4. Locate your emotions in your body
At this point in time, you may start to notice certain areas that are more tense than others, or specific emotions that you may be able to name simply by feeling them.
You might notice things like, “I feel tense/anxious in my throat”, “I feel sadness in the pit of my stomach,” or “I feel anger in my chest.”
Whatever you notice, it isn’t right or wrong, bad or good. It simply is.
If you are able to, name your findings out loud (i.e., “I feel grief in my heart”) in order to validate your findings outside of your mind.
5. Thank them
Now, with whatever emotions you have found, thank them for being there and for allowing you to be aware of them.
As always, you want to say something in a way that makes sense to you.
You might say something like, “Thank you for letting me witness you, sadness”, or “Thank you for showing yourself to me anger.”
You can even take it up a notch by adding on, “You have a home here,” or “You can stay for as long as you need to, my beautiful friend.”
The point is to welcome the emotion into your body/awareness as you would a house guest that you’re glad to see. With grace, compassion, and kindness.
How To Process And Heal Your Difficult Emotions
Once you have located and possibly named the emotions that you have treasure-hunted in your body, it’s time to start expanding into them and allowing them to move through you.
And remember, if you are at a stage in your emotional journey where the specifics of what the emotion is isn’t clear to you just yet, that’s totally fine.
You don’t need to be able to label an emotion in order to feel it. In fact, the following steps might help you in multiplying the emotion to a larger state, and, as a result, it may become more clear what it is throughout the process.
1. Encourage them to be bigger
Now that you’ve touched base with the emotions in your body, it’s time to start encouraging them to grow inside of you.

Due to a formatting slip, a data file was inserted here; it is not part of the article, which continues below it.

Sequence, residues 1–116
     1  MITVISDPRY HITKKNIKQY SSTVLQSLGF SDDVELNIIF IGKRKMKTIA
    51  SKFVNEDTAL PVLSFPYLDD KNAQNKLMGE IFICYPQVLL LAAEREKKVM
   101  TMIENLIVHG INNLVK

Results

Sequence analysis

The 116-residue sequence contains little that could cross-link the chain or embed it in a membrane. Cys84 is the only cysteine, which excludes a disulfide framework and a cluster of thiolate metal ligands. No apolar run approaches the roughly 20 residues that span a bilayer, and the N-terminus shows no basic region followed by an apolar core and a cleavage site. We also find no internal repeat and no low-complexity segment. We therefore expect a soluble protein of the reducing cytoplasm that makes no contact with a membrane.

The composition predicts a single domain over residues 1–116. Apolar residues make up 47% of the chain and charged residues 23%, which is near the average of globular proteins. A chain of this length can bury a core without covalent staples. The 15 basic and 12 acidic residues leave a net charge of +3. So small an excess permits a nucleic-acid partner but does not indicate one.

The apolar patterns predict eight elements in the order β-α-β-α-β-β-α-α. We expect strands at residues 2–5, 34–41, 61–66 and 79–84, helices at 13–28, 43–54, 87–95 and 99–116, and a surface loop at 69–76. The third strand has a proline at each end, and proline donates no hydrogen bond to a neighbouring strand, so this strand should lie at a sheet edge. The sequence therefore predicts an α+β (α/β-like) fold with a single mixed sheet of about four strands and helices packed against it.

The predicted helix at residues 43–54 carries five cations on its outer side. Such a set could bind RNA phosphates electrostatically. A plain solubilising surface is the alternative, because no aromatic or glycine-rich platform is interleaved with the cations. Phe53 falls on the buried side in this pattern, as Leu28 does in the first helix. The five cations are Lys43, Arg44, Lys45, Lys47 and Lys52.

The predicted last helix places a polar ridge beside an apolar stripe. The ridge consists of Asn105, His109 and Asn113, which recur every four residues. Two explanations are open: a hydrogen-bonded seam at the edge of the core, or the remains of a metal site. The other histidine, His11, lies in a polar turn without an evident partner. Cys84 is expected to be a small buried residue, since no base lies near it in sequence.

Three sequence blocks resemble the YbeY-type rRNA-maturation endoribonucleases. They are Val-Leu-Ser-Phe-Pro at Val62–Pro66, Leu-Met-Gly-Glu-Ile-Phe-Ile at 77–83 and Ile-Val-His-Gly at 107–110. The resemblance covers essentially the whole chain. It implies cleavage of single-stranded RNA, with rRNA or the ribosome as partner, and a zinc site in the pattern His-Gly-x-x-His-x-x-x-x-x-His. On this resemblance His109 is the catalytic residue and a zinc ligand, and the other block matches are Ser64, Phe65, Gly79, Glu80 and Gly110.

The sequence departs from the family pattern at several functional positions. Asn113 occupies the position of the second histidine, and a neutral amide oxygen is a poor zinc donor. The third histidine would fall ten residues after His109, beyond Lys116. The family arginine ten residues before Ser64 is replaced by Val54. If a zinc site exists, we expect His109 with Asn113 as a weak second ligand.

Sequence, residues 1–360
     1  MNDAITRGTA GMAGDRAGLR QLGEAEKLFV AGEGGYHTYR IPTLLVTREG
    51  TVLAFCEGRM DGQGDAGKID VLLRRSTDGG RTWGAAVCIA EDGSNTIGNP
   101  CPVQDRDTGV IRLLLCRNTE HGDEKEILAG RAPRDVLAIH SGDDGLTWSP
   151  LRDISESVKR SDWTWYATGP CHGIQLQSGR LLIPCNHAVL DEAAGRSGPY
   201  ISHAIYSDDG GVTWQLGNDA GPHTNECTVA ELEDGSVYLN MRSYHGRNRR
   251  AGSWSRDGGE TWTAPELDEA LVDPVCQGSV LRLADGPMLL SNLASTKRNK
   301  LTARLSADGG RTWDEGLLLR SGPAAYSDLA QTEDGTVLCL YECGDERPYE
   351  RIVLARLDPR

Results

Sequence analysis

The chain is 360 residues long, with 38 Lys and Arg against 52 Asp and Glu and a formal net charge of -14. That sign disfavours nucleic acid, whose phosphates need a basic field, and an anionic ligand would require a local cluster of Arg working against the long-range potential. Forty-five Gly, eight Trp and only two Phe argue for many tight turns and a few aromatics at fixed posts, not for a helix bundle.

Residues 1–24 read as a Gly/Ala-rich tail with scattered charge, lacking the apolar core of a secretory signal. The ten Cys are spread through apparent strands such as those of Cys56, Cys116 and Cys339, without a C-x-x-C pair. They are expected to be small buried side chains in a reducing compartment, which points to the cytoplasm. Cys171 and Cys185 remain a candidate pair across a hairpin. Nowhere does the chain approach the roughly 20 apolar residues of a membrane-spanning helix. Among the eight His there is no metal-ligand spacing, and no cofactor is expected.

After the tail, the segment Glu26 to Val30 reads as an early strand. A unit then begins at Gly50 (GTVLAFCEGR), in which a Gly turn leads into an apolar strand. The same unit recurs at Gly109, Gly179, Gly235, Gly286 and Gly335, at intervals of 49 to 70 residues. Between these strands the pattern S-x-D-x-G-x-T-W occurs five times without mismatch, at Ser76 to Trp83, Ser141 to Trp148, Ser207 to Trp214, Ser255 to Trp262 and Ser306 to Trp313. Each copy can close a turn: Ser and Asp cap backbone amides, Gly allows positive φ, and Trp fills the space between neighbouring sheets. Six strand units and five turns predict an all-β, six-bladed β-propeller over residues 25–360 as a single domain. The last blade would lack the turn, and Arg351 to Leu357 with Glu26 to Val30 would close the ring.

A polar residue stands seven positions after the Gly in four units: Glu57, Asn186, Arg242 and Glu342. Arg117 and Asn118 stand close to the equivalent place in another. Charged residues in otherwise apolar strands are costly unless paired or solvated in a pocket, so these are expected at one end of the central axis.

The only way to allow your emotions to move through your body is to accept that they are there and to encourage them to have your full attention for a moment in time. It is the resistance of the fact that the emotions live inside of you that has kept them stuck for so long.
Encourage them to be bigger by saying things like, “Thank you, please show me more,” or “It is safe for you to show me more of this, sadness.”
Again, speak to the emotions as if they are an old, trusted friend. Be gentle and encouraging, and allow the feeling to grow in you, if only by allowing it to grow 5% at a time.
2. Breathe them into more fullness
If you feel like you can only coax the emotions out with words and encouraging phrases to a certain low ceiling, then it might be time to breathe them into more fullness.
Breathe deeply while consciously spreading your specific emotion throughout your body. For example, if you’re feeling anxiety in your stomach and throat, then mentally allow your anxiety to take up your entire torso, and then your entire body. Give it full permission to take you over while you surrender to it fully.
Remember, no emotion is permanent.
Even if this exercise results in some temporary discomfort, it will be well worth it because you will have allowed the stuck emotion to have all of your attention, after which it will be able to properly move out of you once and for all.
3. Tell them “thank you, please show me more”
Continue alternating deep breaths with encouraging words. Continue to magnify and expand the emotion throughout your body.
“You have a home here sadness/anxiety/grief/jealousy,etc.. Show me more. What would even more of this emotion feel like? Please show me, I can handle it. Thank you.”
4. Move your body/shake/TRE them out
If sitting or lying down feels too stuck or stagnant by this point in the process, you are fully allowed to stand up, move your body around, and let the emotion move you as it needs to.
This is also a good stage to practice trauma release exercises (or TRE) in order for your body to start to shake out it’s physical tension.